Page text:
An updated biannual report from the HIMSS Analytics research unit of the Healthcare Information and Management Systems Society in Chicago shows health organizations take data security compliance seriously but may be missing the big picture.
Kroll Fraud Solutions, Nashville, Tenn., commissioned the "2010 HIMSS Analytics Report: Security of Patient Data," which follows a similar report issued in April 2008. The new report issued on April 5 covers the results of 250 health professionals surveyed in December 2009.
Respondents rated their organizations high in complying with existing laws and regulations, averaging a score above 6 on a scale of 1-7 for CMS regulations, HIPAA, state security laws and the Red Flags rule, and 5.75 for HITECH Act security provisions. Yet 19 percent reported a data breach in the past year, up from 13 percent in the survey two years ago.
"On one hand, health care organizations are demonstrating increased awareness of the state of patient data security as a result of heightened regulatory activity and increased compliance," says Brian Lapidus COO at Kroll Fraud Solutions. "On the other, organizations are so afraid of being labeled 'noncompliant' that they overlook the bigger elephant in the room, the still-present risk and escalating costs associated with a data breach. We need to shift the industry focus from a 'check box' mentality around compliance to a more comprehensive, sustained look at data security."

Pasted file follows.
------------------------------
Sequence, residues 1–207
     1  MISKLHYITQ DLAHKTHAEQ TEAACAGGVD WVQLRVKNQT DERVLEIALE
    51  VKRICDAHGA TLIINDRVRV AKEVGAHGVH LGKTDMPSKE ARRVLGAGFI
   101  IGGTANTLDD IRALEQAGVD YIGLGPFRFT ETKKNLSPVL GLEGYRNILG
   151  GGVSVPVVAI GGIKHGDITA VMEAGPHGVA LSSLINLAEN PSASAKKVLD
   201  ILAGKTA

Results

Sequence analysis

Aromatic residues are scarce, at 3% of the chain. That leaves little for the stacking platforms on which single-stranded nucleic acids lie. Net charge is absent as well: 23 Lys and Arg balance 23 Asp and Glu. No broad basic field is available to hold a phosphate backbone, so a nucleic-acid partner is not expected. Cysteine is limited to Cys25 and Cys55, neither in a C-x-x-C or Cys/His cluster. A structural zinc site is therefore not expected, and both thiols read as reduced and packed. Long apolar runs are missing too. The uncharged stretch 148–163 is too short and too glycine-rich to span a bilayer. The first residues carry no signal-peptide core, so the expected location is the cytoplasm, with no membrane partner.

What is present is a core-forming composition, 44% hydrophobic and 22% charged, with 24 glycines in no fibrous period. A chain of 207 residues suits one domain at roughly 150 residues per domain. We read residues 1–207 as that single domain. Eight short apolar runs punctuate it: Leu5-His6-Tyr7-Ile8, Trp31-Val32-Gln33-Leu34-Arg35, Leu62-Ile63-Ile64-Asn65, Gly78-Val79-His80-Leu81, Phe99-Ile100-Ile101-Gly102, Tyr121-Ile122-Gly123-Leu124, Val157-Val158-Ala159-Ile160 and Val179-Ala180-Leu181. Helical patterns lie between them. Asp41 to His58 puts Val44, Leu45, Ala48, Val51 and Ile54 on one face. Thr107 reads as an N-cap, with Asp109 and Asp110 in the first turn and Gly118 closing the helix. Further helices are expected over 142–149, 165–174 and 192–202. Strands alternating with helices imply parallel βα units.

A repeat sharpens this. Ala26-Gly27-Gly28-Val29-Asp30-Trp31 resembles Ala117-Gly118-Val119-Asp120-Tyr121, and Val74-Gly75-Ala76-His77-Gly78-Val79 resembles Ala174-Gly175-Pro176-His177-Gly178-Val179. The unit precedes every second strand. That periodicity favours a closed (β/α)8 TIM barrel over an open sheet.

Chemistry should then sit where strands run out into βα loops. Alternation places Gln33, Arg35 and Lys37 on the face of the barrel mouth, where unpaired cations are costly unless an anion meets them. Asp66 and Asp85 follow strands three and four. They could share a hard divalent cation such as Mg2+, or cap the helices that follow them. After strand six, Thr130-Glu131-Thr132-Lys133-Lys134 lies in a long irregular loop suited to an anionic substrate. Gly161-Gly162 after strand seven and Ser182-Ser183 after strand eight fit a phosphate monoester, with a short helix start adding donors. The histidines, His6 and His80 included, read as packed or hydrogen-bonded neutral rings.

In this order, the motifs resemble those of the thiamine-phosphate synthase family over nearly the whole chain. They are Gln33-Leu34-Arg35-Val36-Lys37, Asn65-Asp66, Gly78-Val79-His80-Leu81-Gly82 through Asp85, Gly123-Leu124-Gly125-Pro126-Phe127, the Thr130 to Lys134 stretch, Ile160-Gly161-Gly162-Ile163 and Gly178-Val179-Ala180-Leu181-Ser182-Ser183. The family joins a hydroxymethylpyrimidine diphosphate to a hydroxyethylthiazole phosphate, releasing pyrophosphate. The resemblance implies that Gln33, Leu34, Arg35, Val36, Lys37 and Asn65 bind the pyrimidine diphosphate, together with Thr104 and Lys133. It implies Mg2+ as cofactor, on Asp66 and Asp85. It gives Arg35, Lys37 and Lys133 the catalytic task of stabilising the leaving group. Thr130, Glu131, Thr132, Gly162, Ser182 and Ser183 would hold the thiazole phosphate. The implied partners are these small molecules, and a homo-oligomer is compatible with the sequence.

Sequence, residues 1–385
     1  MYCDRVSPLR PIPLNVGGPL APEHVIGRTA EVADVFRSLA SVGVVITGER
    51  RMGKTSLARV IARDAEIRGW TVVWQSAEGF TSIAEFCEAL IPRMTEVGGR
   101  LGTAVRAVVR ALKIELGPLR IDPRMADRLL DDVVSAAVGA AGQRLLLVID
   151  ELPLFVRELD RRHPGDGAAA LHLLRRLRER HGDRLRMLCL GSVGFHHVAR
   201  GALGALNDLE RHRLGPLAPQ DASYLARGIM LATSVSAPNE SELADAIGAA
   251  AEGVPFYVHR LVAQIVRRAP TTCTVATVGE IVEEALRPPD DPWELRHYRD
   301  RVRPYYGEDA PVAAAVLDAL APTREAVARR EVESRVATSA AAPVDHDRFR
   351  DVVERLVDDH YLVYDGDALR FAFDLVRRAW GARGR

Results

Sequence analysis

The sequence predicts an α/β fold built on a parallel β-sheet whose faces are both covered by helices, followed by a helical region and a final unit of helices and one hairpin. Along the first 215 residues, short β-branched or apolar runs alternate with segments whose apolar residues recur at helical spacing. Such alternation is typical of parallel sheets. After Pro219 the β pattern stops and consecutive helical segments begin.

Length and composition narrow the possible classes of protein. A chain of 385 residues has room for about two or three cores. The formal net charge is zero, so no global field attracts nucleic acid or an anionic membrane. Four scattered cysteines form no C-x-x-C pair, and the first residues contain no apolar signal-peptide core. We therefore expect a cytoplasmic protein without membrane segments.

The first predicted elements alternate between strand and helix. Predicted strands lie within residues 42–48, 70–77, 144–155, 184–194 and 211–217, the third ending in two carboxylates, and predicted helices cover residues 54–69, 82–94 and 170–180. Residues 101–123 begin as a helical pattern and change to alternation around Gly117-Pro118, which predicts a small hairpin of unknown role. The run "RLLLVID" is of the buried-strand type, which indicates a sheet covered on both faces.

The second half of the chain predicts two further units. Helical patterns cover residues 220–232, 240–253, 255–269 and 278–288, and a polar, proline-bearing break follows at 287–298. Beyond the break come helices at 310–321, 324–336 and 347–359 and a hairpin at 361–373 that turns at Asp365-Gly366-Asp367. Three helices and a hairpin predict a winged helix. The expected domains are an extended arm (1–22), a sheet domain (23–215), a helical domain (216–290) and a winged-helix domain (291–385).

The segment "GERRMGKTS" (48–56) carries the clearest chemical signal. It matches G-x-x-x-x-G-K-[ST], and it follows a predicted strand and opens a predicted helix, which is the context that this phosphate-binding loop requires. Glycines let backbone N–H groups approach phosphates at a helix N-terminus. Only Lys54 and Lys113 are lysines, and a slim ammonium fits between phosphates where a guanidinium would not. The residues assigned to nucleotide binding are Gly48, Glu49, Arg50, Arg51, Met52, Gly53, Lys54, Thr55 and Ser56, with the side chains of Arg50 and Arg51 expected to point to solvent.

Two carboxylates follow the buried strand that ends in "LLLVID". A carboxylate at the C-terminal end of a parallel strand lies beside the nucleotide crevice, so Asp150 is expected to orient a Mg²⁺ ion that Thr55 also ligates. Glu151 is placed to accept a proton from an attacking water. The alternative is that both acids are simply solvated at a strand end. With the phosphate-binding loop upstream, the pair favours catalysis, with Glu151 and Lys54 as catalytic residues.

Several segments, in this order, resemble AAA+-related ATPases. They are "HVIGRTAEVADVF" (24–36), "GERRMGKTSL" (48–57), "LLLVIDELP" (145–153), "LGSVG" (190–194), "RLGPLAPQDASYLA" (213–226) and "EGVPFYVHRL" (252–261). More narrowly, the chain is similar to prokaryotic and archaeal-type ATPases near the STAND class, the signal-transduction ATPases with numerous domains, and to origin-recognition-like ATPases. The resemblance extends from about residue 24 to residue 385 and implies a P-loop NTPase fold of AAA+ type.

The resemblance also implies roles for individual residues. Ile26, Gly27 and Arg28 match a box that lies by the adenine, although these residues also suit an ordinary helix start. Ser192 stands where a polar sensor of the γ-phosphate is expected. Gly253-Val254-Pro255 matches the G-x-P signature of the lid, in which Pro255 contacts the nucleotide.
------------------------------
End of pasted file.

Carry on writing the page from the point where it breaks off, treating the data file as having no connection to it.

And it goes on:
Survey respondents rated their preparedness for a breach very high--an average of 6.6 on a scale of 1-7. Yet they continue to think of data security in specific silos, according to results. For instance, 87 percent said they have policies to monitor access and sharing of electronic health information, but most breaches involve low-tech incidents such as stolen laptops and back-up tapes, and improperly disposed documents.
Sixty percent of respondents require third-party vendors to provide proof of employee training, but only half require the vendors to provide proof of employee background checks.
Forty-five percent of survey respondents were health information management professionals, 25 percent were senior I.T. executives, 25 percent were compliance and privacy officers, 4 percent were chief security officers, and 1 percent was associated with information management. Most came from small to mid-sized health care facilities.
The report, and information on an accompanying Webcast on April 15, are available at krollfraudsolutions.com. Registration is required.
This article can also be found at healthdatamanagement.com.